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91. In moral development each individual faculty of the heart to be set in action and exercised, by arousing appropriate feelings and desires.

92. In physical development graduated gymnastic exercises to call into activity the various powers of the body.

93. Intellectual development to begin with sense-impression and to proceed by means of graded exercise. 94. The application of these principles of development in the several branches of study would constitute Pestalozzi's Elementary Method.


United States Commissioner of Education.

A New Volume.-No. LV.

Genetic Psychology for Teachers.

By CHARLES H. JUDD, Ph.D., Instructor in Psychology in Yale University. 12mo. Cloth, $1.20 net.

This book deals with the facts and principles of mental development. It takes up the special phase of psychology which is of most importance to teachers, for it traces the changes which are produced in mental life as a result of education in its various forms. It calls attention to many facts in the teacher's own mental life that illustrate and present to direct personal observation processes of development. This study of one's own mental development makes it possible to understand the nature of such development. Starting from this firm basis of selfstudy, the reader is carried forward to the less directly observable forms of development that appear in others. The essence of the argument is that "teacher-study" is the only true basis for child-study.

The book applies the principles of mental development directly to the problems of teaching, reading, writing, and the use of number. One of its unique features is that it takes up specifically, not in a vague, general way, but exhaustively and clearly, the practical problems that confront the individual teacher.





Psychological Foundations

of Education.

An Attempt to Show the Genesis of the Higher Faculties of the Mind. By W. T. HARRIS, A.M., LL.D., United States Commissioner of Education. Vol. 37. 12mo. Cloth, $1.50.


In offering this book to the educational public the author feels it necessary to explain its point of view. Psychology is too frequently only an inventory of certain so-called "faculties of the mind," such as the five senses, imagination, conception, reasoning, etc. And teachers have been offered such an inventory under the name of "educational psychology." It has been assumed that education has to do with 'cultivating the faculties." Perhaps the analogy of the body has been taken as valid for the soul, and, inasmuch as we can train this or that muscle, it is inferred that we can cultivate this or that faculty. The defect of this mode of view is that it leaves out of sight the genesis of the higher faculties from the lower ones. Muscles are not consecutive, the one growing out of another and taking its place, but they are co-ordinate and side by side in space, whereas in mind the higher faculties take the place of the lower faculties and in some sort absorb them. Conception, instead of existing side by side with perception, like the wheels of a clock, contains the latter in a more complete form of activity. Senseperception, according to the definition, should apprehend individual things, and conception should take note of classes or species. But conception really transforms perception into a seeing of each object as a member of a class, so that the line between perception and conception has vanished, and we cannot find in consciousness a mere perception of an individual object, but only that kind of perception which sees the object in its process of production. This indicates the point of view of this book. It is an attempt to show the psychological foundations of the more important educational factors in civilization and its schools. Special stress is laid on the evolution of the higher activities or faculties and on the method of it.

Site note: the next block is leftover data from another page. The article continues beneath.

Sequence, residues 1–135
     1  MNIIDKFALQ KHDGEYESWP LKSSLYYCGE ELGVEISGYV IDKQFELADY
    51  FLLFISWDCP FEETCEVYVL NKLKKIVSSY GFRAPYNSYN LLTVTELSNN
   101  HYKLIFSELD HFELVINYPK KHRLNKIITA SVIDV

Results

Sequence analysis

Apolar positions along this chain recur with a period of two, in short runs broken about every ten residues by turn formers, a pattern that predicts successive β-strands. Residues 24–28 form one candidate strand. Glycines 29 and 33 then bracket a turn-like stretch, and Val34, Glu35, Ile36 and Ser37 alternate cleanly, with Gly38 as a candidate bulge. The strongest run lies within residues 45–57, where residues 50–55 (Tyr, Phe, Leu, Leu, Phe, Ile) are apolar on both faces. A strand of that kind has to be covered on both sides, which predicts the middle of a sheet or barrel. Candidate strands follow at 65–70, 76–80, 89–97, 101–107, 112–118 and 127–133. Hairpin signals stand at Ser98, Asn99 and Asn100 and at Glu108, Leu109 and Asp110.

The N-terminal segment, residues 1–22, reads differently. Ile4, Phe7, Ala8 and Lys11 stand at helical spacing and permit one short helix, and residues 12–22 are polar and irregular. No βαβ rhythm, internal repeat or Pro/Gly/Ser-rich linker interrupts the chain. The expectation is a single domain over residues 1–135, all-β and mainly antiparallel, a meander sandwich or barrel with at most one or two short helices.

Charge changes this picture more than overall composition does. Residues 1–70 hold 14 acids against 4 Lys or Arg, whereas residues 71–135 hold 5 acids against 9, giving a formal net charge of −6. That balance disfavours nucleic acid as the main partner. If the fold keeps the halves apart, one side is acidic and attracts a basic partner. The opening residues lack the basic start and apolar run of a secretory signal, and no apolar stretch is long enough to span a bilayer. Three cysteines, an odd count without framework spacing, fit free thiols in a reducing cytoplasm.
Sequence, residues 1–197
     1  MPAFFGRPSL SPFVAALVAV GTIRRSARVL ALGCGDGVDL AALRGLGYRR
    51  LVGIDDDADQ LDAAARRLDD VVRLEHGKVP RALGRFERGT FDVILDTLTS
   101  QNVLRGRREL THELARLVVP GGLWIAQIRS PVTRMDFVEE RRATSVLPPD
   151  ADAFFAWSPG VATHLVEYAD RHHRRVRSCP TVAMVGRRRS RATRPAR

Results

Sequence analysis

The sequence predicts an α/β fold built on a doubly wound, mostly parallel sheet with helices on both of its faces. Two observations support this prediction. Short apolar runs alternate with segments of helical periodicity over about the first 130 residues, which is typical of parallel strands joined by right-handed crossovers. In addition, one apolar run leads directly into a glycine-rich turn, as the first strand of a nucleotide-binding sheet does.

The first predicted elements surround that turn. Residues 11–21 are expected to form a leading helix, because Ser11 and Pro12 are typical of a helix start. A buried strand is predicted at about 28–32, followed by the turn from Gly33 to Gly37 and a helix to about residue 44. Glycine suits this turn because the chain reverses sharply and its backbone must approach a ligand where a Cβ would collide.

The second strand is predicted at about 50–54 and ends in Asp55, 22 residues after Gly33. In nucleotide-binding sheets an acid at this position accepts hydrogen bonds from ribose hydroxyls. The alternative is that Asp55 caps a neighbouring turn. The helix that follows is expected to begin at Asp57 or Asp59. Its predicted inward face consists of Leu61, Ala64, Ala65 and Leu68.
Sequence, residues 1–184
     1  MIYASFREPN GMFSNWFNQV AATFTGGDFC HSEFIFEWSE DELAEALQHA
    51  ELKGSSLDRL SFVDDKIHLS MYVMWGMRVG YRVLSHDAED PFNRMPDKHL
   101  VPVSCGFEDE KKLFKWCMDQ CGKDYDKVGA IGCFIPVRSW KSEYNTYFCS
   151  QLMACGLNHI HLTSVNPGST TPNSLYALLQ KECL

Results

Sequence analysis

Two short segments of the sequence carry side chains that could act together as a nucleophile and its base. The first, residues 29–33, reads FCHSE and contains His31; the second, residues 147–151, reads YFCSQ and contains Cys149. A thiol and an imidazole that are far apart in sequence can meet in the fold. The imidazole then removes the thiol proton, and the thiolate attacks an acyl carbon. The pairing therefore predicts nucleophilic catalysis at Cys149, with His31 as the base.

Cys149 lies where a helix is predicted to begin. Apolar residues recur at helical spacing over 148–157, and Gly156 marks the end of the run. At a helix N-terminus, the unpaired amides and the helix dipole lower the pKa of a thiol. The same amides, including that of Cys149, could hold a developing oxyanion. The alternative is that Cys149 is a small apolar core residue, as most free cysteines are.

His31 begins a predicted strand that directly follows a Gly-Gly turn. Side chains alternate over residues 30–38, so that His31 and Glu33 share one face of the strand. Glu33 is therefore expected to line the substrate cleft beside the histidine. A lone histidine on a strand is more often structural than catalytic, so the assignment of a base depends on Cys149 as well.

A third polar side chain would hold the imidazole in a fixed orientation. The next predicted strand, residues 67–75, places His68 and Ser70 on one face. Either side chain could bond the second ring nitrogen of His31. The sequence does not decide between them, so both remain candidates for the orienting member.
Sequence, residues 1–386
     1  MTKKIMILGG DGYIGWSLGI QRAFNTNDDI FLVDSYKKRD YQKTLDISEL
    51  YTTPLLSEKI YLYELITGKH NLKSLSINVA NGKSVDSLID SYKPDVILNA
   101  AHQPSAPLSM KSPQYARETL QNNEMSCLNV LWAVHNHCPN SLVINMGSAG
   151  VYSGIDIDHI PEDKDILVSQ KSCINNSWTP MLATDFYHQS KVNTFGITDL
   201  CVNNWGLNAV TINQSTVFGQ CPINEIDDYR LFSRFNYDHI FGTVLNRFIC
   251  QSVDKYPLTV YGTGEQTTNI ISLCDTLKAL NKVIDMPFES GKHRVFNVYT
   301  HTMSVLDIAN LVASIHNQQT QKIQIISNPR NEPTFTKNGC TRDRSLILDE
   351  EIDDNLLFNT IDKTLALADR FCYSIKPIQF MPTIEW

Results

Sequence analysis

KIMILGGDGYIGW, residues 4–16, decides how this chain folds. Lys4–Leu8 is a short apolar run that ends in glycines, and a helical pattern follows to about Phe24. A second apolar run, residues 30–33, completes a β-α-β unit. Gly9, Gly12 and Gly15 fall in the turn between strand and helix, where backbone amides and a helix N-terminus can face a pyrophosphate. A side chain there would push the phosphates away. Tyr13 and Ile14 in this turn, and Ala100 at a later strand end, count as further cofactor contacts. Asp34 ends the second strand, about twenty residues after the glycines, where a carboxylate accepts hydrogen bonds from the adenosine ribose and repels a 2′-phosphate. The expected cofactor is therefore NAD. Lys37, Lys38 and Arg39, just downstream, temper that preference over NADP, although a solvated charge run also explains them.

Dickens as an Educator.

By JAMES L. HUGHES, Inspector of Schools, Toronto.

Vol. 49. 12mo. Cloth, $1.50.

Adopted by the Indiana State Teachers' Reading Circle.

All teachers have read Dickens's novels with pleasure. Probably few, however, have thought of him as a great educational reformer. But Inspector Hughes demonstrates that such is his just title. U. S. Commissioner William T. Harris says of "Dickens as an Educator": "This book is sufficient to establish the claim for Dickens as an educational reformer. He has done more than any one else to secure for the child considerate treatment of his tender age. Dickens stands apart and alone as one of the most potent influences of social reform in the nineteenth century, and therefore deserves to be read and studied by all who have to do with schools, and by all parents everywhere in our day and generation." Professor Hughes asserts that "Dickens was the most profound exponent of the kindergarten and the most comprehensive student of childhood that England has yet produced." The book brings into connected form, under proper headings, the educational principles of this most sympathetic friend of children.

"Mr. James L. Hughes has just published a book that will rank as one of the finest appreciations of Dickens ever written."-Colorado School Journal.

"Mr. Hughes has brought together in an interesting and most effective manner the chief teachings of Dickens on educational subjects. His extracts make the reader feel again the reality of Dickens's descriptions and the power of the appeal that he made for a saner, kindlier, more inspiring pedagogy, and thus became, through his immense vogue, one of the chief instrumentalities working for the new education."—Wisconsin Journal of Education.


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